A big problem for any bike sharing program is the “rebalancing” of the system, or finding a way to keep a good number of bikes at all the stations. In an effort to address this problem in the local program, Houston Bcycle collaborated with the Oshman Engineering Design Kitchen at Rice University. We (Latane Bullock, Patrick Han, Sam Robedee, and David Senter) are undergraduate engineering students at Rice known as “The B Team”. Over the course of a semester, we developed a computer algorithm that tells Bcycle's field technicians how to move bikes to improve the distribution of bikes in the system.
From L to R: Patrick Han, Latané Bullock, David Senter, Sam Robedee
The algorithm, which runs several times a day, works in three steps to produce simple instructions for the Bcycle field techs. First, it looks at historical data that shows how many bikes are at each of the stations and the trips that were taken throughout the day. Next, it identifies patterns in the data and labels which stations usually need more bikes and which stations tend to have extra bikes. In the final step, the algorithm pairs nearby stations from each of these groups. These pairs of stations are sent to the field techs in order of importance. An example of one of the instructions might be, “Take 4 bikes from Sabine Bridge to Brazos & McGowen.” Filed techs can then decide if the instructions make sense and move the bikes accordingly. Ideally, the instructions can help keep stations from being too empty or too full, especially as Bcycle adds more stations to the system in the next few months.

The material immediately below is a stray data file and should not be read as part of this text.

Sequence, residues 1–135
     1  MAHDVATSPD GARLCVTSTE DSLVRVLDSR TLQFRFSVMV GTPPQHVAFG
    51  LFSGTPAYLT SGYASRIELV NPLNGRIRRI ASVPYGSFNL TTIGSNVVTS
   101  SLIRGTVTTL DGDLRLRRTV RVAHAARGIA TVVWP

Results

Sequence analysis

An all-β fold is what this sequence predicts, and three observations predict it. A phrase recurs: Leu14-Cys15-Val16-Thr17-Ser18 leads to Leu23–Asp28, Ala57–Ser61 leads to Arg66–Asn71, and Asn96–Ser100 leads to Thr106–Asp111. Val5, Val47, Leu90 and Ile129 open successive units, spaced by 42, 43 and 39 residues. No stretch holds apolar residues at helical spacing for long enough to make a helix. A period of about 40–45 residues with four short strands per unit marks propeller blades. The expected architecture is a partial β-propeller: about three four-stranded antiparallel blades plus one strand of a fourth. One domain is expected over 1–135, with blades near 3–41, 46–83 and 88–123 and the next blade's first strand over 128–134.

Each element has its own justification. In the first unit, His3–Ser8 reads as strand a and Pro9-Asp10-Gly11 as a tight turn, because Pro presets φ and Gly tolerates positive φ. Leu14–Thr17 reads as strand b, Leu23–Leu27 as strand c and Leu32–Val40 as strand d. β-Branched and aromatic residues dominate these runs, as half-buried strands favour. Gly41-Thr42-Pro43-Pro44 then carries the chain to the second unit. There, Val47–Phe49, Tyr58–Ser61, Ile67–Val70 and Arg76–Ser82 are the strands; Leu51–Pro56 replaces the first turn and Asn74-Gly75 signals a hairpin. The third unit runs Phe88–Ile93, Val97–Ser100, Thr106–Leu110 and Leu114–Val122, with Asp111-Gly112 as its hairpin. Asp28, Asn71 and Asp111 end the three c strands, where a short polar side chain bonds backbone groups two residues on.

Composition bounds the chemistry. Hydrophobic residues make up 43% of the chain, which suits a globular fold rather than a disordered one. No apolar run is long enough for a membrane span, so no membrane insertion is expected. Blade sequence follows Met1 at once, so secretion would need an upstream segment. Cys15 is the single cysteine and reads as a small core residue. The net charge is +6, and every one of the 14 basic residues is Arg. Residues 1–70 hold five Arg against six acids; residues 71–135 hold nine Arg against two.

Designing the algorithm was a rewarding experience overall, but it was certainly challenging at times. For example, we initially had trouble getting the program to read and sort the tens of thousands of lines of bicycle trip data. A single extra comma could cause a critical error in the algorithm’s calculations. Although we encountered a number of obstacles like this and made several difficult decisions throughout the design process, we overcame them and produced something we are proud of. It was an exceptional opportunity for us to learn how to work on a project as a team with the community in mind.
From the results of our initial testing, we recorded a noticeable improvement in the system’s balance when compared to the past. While our limited testing data may not be sufficient to declare our solution as completely effective, the feedback we received from the field techs confirmed that, at the very least, our solution acted as a useful aid. As the system triples in size, the field techs may find it more difficult to rely on their intuition and routine alone. We believe our algorithm will be even more helpful as the system expands.
We would like to thank Houston Bike Share executive director Carter Stern as well as all our instructors at the Oshman Engineering Design Kitchen at Rice University for giving us the opportunity and support we needed to address the rebalancing problem.
“The B Team”
Latane Bullock, Patrick Han, Sam Robedee, and David Senter